Pandemic relief: Quebec tables bill to cap fees 3rd-party delivery apps can charge restaurants
The Coalition Avenir Québec government has tabled a bill to limit the fees third-party food-delivery services, such as DoorDash and Uber Eats, can charge restaurant owners during the COVID-19 pandemic.
Bill 87, tabled at the national assembly on Thursday by André Lamontagne, the minister of agriculture, fisheries and food, would apply only for as long as restaurant dining rooms are closed under the province’s health decree.
The proposed legislation would see all delivery costs capped at 15 per cent of the bill’s total, with all cost calculations based on the total order, not including taxes and tips.
An additional five per cent could be charged when an order is made through a third-party application.
In the case where food is ordered online or through an app but delivery services aren’t included, fees charged would be limited to 10 per cent.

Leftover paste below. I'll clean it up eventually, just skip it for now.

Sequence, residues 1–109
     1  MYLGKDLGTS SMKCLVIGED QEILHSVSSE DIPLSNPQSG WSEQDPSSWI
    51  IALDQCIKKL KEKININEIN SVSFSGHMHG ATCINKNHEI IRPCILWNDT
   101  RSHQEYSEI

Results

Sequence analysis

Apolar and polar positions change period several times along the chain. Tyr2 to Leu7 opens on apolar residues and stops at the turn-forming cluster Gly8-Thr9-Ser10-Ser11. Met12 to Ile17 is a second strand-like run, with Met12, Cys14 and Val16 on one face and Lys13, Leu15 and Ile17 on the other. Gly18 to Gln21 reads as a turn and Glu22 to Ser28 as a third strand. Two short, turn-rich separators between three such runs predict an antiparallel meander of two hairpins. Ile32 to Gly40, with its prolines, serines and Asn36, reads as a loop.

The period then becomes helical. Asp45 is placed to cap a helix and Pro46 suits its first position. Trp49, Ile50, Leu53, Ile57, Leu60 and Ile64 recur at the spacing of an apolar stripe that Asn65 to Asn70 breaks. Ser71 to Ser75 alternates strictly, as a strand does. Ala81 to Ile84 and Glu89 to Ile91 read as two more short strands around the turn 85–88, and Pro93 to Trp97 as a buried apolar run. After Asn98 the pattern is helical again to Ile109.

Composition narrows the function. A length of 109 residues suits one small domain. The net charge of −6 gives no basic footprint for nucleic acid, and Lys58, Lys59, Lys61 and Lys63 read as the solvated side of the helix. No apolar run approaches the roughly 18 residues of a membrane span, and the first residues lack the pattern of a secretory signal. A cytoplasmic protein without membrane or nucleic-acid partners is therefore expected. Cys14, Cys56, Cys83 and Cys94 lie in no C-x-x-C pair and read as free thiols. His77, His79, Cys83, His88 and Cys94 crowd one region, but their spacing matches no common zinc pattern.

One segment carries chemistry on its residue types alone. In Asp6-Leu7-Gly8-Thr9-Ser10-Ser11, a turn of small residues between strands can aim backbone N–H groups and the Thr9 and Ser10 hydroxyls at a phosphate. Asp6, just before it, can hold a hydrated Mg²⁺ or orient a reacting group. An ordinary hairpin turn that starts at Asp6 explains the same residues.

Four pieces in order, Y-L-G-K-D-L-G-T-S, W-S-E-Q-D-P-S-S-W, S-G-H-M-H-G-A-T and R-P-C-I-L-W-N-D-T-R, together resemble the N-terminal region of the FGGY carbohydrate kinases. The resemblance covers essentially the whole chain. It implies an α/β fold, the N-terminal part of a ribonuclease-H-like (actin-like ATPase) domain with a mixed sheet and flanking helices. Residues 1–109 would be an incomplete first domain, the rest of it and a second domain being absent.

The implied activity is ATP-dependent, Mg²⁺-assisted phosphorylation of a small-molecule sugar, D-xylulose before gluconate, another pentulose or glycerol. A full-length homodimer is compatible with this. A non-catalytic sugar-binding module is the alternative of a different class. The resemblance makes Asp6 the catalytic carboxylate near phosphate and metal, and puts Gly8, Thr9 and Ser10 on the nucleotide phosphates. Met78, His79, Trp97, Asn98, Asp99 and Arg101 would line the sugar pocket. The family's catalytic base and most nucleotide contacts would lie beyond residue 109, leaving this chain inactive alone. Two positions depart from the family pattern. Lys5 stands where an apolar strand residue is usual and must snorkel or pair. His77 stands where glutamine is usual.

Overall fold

That means the maximum a third-party service provider could charge a restaurant owner is 20 per cent of the total order.
Currently, some delivery apps charge up to 30 per cent.
“It’s great news,” said Martin Vézina, spokesperson for the Quebec Restaurant Association. “Something that will give them 10 per cent more of their revenues is important.”
Vézina says the association has been pushing the government for this kind of help since January, when the provincewide overnight curfew came into effect.
Restaurants in both Quebec City and Montreal were forced to close down their dining rooms in October 2020 when the second wave of the virus hit the province, leaving many relying solely on takeout, pickup and delivery to stay afloat.